Pulse of Europe: "We are convinced that the majority of people believe in the European Union"

Pulse of Europe: "We are convinced that the majority of people believe in the European Union"
By Euronews
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The campaign group "Pulse of Europe" believes there has been an alarming increase in radicalisation in political life


The campaign group Pulse of Europe believes there has been an alarming increase in radicalisation in political life.

The organisation was formed by a group of German citizens in the wake of Brexit and the election of Donald Trump in the US.

They say they have organised 58 demontrations since last November, which have been attended by an estimated 20 thousand people.

Today's #MarchForEurope may be over, but is continued from tomorrow with the PulseofEurope</a> to set another signal for the <a href="https://twitter.com/hashtag/FutureofEurope?src=hash">#FutureofEurope</a> <a href="https://t.co/hMHqx0siuY">pic.twitter.com/hMHqx0siuY</a></p>&mdash; Fabian Weber (fabian_web) March 25, 2017

The group thinks the majority of people believe in the fundamental concept of Europe, its potential for reform and development and they do not want to lose it to nationalist tendencies. According to organisers, the protection of an alliance which secures peace and guarantees individual freedom, justice and legal security is at stake.

Friedrich Jeschke from Pulse of Europe in Aachen has spoken to Euronews.

Euronews: You started in November 2016 in Frankfurt and are a non-party movement encompassing people from all walks of life: young and old, workers and entrepreneurs. Your objective is to emphasise the positive aspects of the EU. You believe the EU is founded on positive values which are guidelines for the future. Does nationalism run against the European interest?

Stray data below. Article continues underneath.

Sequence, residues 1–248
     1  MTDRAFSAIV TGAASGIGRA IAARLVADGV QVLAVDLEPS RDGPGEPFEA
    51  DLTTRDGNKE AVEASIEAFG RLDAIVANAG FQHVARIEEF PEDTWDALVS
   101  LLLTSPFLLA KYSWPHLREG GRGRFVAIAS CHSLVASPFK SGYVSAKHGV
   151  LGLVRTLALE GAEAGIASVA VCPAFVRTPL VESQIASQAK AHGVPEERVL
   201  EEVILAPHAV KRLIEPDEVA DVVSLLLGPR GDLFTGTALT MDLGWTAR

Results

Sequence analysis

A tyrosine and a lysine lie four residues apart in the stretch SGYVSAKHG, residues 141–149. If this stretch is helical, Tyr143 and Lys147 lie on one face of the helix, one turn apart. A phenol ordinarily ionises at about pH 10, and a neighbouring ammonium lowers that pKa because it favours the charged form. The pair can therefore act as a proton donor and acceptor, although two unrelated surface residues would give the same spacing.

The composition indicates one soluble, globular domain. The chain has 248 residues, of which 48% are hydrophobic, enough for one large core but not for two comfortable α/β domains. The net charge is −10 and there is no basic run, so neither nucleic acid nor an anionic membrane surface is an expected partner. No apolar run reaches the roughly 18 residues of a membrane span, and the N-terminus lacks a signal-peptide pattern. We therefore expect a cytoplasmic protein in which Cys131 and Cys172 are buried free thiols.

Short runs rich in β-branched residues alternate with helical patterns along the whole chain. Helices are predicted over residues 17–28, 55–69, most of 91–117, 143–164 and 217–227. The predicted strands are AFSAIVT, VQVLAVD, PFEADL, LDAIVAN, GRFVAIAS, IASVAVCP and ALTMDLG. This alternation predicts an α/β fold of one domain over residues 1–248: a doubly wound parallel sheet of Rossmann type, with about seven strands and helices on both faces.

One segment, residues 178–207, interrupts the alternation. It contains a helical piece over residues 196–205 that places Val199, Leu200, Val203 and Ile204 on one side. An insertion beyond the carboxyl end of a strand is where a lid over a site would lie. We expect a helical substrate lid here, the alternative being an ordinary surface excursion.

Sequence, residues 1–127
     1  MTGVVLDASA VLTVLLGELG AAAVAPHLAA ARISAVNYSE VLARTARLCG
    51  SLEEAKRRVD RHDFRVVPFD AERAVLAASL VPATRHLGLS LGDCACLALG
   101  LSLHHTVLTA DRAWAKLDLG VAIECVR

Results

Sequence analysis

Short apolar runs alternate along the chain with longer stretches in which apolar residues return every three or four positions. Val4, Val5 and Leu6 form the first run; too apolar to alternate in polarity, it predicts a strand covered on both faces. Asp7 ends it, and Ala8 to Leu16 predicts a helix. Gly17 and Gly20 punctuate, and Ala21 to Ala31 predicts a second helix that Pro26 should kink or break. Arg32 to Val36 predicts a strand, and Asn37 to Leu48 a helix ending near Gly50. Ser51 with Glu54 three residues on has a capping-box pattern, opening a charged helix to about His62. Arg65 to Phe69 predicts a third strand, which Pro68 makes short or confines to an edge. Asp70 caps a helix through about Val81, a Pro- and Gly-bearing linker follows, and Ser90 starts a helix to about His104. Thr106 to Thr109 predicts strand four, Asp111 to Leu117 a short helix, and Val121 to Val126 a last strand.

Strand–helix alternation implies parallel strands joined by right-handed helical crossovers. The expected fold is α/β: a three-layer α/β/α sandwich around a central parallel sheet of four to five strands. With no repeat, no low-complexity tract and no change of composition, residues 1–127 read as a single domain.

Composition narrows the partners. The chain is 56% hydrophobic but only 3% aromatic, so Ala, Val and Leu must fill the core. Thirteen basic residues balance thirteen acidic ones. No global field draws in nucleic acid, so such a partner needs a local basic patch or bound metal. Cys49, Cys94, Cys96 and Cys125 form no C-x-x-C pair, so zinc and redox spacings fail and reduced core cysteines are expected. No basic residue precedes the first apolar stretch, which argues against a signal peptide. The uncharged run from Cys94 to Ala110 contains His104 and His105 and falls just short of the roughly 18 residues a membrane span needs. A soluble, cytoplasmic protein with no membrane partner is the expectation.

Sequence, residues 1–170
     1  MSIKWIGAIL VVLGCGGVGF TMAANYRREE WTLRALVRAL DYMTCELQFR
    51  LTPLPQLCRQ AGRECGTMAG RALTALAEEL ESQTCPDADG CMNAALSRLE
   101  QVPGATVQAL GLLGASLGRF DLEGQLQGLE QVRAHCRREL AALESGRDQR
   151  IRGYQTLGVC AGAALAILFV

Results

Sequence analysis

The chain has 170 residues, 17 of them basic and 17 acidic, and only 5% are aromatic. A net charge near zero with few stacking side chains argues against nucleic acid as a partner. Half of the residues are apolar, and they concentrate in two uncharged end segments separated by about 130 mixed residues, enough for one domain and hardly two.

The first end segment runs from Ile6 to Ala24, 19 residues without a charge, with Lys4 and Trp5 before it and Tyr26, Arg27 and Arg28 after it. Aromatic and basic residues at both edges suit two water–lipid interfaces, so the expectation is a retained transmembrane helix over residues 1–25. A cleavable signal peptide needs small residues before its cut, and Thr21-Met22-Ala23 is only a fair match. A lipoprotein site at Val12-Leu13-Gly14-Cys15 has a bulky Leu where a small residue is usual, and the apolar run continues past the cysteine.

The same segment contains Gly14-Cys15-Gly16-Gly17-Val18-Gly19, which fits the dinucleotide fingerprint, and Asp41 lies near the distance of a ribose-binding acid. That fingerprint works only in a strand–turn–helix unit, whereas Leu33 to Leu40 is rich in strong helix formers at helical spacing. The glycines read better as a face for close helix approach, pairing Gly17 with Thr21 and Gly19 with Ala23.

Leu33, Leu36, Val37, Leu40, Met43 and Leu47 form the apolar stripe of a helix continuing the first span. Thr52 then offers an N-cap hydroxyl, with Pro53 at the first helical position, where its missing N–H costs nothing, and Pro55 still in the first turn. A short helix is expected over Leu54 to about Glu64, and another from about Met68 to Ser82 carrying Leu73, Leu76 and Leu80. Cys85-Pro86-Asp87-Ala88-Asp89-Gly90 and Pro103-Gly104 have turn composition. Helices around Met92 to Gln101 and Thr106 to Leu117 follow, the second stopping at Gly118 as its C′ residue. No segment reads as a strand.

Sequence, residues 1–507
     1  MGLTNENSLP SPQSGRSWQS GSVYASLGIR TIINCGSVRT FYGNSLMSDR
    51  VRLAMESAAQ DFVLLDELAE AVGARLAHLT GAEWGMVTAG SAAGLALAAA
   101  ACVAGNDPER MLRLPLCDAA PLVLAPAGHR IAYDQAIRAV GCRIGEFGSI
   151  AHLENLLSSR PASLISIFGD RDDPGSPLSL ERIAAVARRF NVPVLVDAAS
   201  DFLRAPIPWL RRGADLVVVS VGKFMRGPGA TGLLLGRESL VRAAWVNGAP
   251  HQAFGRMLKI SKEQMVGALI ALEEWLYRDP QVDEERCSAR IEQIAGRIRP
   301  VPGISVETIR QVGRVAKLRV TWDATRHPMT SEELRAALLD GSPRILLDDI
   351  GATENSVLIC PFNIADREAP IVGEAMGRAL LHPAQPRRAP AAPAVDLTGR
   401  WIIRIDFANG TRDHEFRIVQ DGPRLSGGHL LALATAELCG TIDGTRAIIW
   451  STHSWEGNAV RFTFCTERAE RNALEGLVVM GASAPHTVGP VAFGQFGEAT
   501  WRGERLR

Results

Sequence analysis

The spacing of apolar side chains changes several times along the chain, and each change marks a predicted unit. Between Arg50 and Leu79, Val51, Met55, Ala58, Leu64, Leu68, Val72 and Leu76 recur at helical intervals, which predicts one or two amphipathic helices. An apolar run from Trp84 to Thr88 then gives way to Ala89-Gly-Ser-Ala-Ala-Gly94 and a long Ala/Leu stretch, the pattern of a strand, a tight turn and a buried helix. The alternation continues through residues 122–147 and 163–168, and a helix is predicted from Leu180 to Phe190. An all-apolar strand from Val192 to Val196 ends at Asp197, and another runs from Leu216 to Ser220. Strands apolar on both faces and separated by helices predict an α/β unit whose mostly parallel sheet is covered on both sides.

Friedrich Jeschke: One of the essential objectives of the nationalist parties is to exit a “United Europe”. They want to rebuild countries’ borders and revert to national currencies.

However, borderless countries and currencies are fundamental European concepts, so, yes, nationalism goes against Europe. We are present in ten countries and 14 cities in France, the Netherlands, Sweden, Austria, Luxembourg, Belgium, Portugal, Ireland and even the UK. The movement is growing week-by-week and more cities are joining.

There are also other pro-European movements which have a similar ethos to “Pulse of Europe”.

Euronews:Your protests are only held on Sundays?

Friedrich Jeschke:Yes, and as far as possible, all at the same time.
A lot of participants come with their children. In Germany, everyone has the right to hold a demonstration. Security and safety is the responsibility of the police. We have donation boxes and those present are free to contribute as much as they want.

Euronews: What would you like to change or improve in Europe?

Friedrich Jeschke: We think the European idea should be more appreciated and made more understandable for the public. It is a grass-roots movement which starts at the bottom and moves up.

Europe should be fun again. Those who leave the Union cannot help to shape Europe in the future. Change and improvement are the result of greater participation and more debate.

70 years ago, our grandparents were standing face-to-face on the battlefields. Today, we are friends, neighbours and even family. Europe now stands for peace, freedom, dialogue and unprecedented opportunities for the individual development of its citizens.

“Pulse of Europe” also offers support for pro-European politicians. We offer them motivation and inspiration.

Euronews: How can people organise demonstrations for Pulse of Europe?

Friedrich Jeschke: Contact us at the organisation, and the police. You need public support to organise sound systems, leaflets and other materials. Our tool is social media as well as word-of-mouth recommendations and the press.


We had our first demonstration in Aachen on March 5th 2017.

Aymara Defêche for euronews.

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